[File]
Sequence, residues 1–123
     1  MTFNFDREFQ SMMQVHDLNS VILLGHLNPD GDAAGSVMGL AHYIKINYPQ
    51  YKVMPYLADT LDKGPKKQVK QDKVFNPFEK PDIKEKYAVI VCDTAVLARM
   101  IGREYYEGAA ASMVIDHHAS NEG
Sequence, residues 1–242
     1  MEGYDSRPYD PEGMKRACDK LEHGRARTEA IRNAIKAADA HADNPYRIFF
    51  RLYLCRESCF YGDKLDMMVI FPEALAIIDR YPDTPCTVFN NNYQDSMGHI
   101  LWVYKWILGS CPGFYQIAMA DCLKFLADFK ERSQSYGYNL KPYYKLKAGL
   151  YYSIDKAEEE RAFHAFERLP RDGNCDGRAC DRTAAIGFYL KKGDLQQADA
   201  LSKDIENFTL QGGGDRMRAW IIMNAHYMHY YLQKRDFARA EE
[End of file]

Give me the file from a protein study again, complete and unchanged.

Sequence, residues 1–123
     1  MTFNFDREFQ SMMQVHDLNS VILLGHLNPD GDAAGSVMGL AHYIKINYPQ
    51  YKVMPYLADT LDKGPKKQVK QDKVFNPFEK PDIKEKYAVI VCDTAVLARM
   101  IGREYYEGAA ASMVIDHHAS NEG
Sequence, residues 1–242
     1  MEGYDSRPYD PEGMKRACDK LEHGRARTEA IRNAIKAADA HADNPYRIFF
    51  RLYLCRESCF YGDKLDMMVI FPEALAIIDR YPDTPCTVFN NNYQDSMGHI
   101  LWVYKWILGS CPGFYQIAMA DCLKFLADFK ERSQSYGYNL KPYYKLKAGL
   151  YYSIDKAEEE RAFHAFERLP RDGNCDGRAC DRTAAIGFYL KKGDLQQADA
   201  LSKDIENFTL QGGGDRMRAW IIMNAHYMHY YLQKRDFARA EE